But filtration now goes further than this. Proper outdoor portable water filters don’t just filter out sediment; they also remove harmful bacteria. These filters are light enough now that you can throw one into your pack and take comfort in the fact that you’re always going to be able to collect safe drinking water.

Lifestraw go water bottle
Lifestraw

How to purify water: The reverse osmosis method

Did you know you can use reverse osmosis to purify saltwater for consumption? This process also removes lead, viruses, bacteria, and a whole lot of other contaminants. It’s a bit complicated, but in layman’s terms, reverse osmosis is made up of three canisters: A membrane and two carbon filters.

The pre-filtration step gets rid of large sediments using the first carbon filter. The second step forces water through the membrane using pressure (contaminants are left behind). Finally, the filtration step involves water passing through the second carbon filter, where any excess contaminants are removed. Reverse osmosis units are expensive to purchase, but worth it if you want ultra-clean water.

Taking a break from hiking to drink some water from an insulated water bottle
Tamani Chithambo / peopleimages.com / Adobe Stock

How to purify water: SODIS

SODIS (short for “solar water disinfecting”) might sound like a scam, but it’s been proven to work and is relied on by thousands around the world who know how to purify their drinking water. The process is simple: Just collect your water in a clear bottle and leave it out in the sun for six hours or more until the UV rays kill off the bacteria.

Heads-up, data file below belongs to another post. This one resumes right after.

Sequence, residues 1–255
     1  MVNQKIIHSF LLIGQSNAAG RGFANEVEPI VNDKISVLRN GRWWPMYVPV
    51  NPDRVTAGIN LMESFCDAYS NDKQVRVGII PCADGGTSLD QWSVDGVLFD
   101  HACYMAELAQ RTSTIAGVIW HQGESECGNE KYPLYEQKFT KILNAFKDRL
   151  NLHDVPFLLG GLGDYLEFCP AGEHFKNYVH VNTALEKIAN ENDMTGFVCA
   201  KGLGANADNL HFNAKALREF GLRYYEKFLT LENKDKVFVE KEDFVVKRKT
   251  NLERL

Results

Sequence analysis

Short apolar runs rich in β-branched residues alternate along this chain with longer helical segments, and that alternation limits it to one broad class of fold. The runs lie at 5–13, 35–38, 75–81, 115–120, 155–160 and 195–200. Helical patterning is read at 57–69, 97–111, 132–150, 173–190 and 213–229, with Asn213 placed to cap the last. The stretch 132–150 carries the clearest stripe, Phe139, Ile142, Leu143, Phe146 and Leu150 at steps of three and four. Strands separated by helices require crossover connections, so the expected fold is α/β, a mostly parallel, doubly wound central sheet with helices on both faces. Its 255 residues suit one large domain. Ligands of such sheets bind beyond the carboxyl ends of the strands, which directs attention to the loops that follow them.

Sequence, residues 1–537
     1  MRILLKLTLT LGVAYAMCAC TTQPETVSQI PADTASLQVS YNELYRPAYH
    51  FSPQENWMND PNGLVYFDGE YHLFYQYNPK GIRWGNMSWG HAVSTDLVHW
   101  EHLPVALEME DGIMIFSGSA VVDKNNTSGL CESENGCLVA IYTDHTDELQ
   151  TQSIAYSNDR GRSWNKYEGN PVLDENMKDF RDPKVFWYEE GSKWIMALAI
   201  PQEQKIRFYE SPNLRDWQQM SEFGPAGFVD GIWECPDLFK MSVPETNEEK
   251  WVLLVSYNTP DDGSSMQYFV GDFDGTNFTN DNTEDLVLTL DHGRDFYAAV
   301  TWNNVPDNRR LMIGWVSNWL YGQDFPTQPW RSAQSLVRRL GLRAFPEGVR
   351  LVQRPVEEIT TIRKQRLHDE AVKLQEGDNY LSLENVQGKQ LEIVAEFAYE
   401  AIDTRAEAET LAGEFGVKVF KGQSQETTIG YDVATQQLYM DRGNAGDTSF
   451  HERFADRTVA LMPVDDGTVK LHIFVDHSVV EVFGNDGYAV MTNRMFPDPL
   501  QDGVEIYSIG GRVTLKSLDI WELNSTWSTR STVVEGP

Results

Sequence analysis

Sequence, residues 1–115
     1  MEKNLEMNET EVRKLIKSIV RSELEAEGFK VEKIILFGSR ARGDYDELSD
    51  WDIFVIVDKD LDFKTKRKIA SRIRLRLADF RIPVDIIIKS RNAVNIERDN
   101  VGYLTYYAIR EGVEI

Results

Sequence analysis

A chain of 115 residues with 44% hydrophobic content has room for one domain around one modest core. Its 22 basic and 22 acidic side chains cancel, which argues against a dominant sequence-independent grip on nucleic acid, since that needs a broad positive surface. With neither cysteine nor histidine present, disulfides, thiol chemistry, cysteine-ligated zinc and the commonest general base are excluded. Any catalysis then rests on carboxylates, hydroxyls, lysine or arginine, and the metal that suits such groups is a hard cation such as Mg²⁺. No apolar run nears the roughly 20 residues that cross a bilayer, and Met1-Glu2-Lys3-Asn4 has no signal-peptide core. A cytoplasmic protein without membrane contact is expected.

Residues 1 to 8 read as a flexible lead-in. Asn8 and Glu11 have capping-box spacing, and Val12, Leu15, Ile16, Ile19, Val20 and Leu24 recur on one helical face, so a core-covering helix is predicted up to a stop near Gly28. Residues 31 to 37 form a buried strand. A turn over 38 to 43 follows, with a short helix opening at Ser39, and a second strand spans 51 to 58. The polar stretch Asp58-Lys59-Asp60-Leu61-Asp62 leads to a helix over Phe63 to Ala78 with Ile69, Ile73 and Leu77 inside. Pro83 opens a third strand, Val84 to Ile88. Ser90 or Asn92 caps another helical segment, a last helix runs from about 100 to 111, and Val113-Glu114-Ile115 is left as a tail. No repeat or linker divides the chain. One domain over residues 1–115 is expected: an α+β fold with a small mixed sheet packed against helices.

While this method has been proven to work, we’d only really recommend it if you are really short on options and have nothing else to hand. It relies on strong, direct sunlight to work, and unlike other methods, you have no direct control over the outcome. This one is probably best as a last-ditch effort in a survival situation.

Hand holding glass of water hydration splash
Andreson Rian Klwak / Unsplash

How to purify water: Distillation

This method also needs some equipment to work, but it’s a great option to consider if you’re in an area like the tropics or near the ocean where even a freshwater source could have high levels of salt and other minerals. And if you drink water that contains a large amount of salt; it can actually make you more dehydrated.

To distill water, you need two containers, one larger than another and a cover. Fill the larger container with the salt water, leave it in the sun, and cover it. Lean the container toward the smaller one so the condensation from the larger one runs into the other container. The distillation process removes the salt and other minerals, but it doesn’t purify it. So make sure to run the distilled water through a filter to ensure it’s safe to drink.

The bottom line is: Water is heavy. Water purifiers aren’t. That’s why packing a water purification system on the trail can save on weight, but it also allays some of that fear that you might run out of water. If you know you can always top up, you don’t have to ration your water and you can stay properly hydrated along the way.

All these methods work, but they’re going to be more effective if you start with cleaner water. Stay away from stagnant bodies of water like ponds and puddles. Instead, try to find flowing streams and remember to check upstream from your collection point for any animals, waste, or other obvious pollutants.